While during my Federal career I never reached over to the private sector I came very close in a position I held with the SBA. At that time the agency was at its pinnacle and my experiences in working hands on with the private sector gave me new insight into the entire Federal contracting process. Other personal experiences in my career echo Vern's sentiment. Agencies and specific offices of agencies have their own experiences.

In DoD for example you might never be a CO (remember an 1102 is not always warranted) but be trained mightily. On the civilian side you most likely would be warranted and training is almost less than adequate due to limited dollars. New requirements and emphasis of FAI are changing this front on the civilian side.

In DoD and some larger civilian agencies you might be relegated to a certain type of work and possibly a certain contract for long periods, while in others you could be doing soup to nuts. It is likewise for complexity and dollar thresholds.

There is a distinct difference between experiences inside and outside the Beltway as well as with regard to agency organization structure. Reaching back to my experiences I worked for one agency where there were four separate agencies and levels of organization structure leading to the Washington DC approvals, etc. In another there was just one level and I could freely talk to the agency head who at the time had cabinet rank, and I was a GS-11. Then there are the experiences with those entities that are quasi-government corporations or slightly outside the norm - Bonneville Power Administration, USPS, Tennessee River Authority to name just a few.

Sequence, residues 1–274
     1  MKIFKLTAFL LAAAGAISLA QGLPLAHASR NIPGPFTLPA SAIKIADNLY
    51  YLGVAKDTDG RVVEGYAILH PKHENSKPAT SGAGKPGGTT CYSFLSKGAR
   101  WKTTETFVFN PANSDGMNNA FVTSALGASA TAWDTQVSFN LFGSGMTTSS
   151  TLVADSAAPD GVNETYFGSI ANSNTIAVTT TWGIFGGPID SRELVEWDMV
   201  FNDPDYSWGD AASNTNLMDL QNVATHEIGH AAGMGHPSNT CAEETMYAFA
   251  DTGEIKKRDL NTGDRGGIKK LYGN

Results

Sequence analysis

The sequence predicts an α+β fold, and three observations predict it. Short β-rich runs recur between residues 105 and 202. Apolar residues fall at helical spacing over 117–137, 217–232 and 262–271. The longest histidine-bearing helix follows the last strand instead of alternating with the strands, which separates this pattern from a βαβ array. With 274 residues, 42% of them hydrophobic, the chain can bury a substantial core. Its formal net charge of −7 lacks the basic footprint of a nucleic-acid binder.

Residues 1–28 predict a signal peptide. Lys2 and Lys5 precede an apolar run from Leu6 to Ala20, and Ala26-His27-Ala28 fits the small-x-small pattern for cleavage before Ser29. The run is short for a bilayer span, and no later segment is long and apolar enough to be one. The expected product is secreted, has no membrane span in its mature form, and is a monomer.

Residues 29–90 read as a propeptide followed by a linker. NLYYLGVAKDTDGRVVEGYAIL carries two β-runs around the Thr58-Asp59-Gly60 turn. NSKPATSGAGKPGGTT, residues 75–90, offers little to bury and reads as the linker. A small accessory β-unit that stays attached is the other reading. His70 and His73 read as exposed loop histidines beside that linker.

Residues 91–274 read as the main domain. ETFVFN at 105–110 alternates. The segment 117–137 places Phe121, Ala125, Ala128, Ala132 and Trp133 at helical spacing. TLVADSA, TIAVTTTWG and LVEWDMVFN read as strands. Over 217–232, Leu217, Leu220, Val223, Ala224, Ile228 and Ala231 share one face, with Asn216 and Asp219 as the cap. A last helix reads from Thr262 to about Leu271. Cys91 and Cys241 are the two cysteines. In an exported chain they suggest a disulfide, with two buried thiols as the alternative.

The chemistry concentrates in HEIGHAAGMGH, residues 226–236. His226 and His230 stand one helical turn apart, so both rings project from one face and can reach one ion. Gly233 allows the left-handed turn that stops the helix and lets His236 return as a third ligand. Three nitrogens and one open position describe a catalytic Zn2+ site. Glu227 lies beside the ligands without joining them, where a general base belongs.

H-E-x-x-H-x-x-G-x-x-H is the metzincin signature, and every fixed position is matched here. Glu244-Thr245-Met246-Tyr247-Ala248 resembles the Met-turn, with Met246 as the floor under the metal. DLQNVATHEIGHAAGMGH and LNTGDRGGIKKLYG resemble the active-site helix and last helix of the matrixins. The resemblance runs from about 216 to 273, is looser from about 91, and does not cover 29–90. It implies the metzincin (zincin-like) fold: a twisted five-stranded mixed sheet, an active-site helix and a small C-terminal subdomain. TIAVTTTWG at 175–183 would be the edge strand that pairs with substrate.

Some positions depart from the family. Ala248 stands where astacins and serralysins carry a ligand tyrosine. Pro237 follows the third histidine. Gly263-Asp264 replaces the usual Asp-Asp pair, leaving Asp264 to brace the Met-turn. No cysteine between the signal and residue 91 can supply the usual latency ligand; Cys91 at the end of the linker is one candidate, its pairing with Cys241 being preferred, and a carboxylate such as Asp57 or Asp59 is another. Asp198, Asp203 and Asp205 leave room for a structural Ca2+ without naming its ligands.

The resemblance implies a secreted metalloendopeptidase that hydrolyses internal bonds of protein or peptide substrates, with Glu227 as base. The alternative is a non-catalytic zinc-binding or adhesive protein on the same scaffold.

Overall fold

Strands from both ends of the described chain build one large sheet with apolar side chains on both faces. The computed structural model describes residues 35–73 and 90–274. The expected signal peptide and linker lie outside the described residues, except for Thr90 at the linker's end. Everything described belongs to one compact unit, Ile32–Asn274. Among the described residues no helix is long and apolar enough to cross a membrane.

The front page matters and frustrations you note are present throughout the Government and again better in some and worse in others. I would suggest they should not be a deterrent to considering Federal service. Just do your homework when it comes to saying yes to a position offered you.

Two other thoughts with regard to the risk of experience. The ability to cross back and forth from private to Federal was intentionally enhanced when the Federal retirement system was changed in the early 1980's. The new "FERS" system, which I suggest that you study up on as well, is simply more accommodating to the cross-over. Of similar note is the ability to move from one agency to another for a broad experience (or within even a large entity say Air Force) once you enter the Federal sector. Whether a good analogy or not I considered it to be "the same church just a different pew".

Big decision, yes but I believe in the end you would find it a positive experience even if it is not for you as a full career path.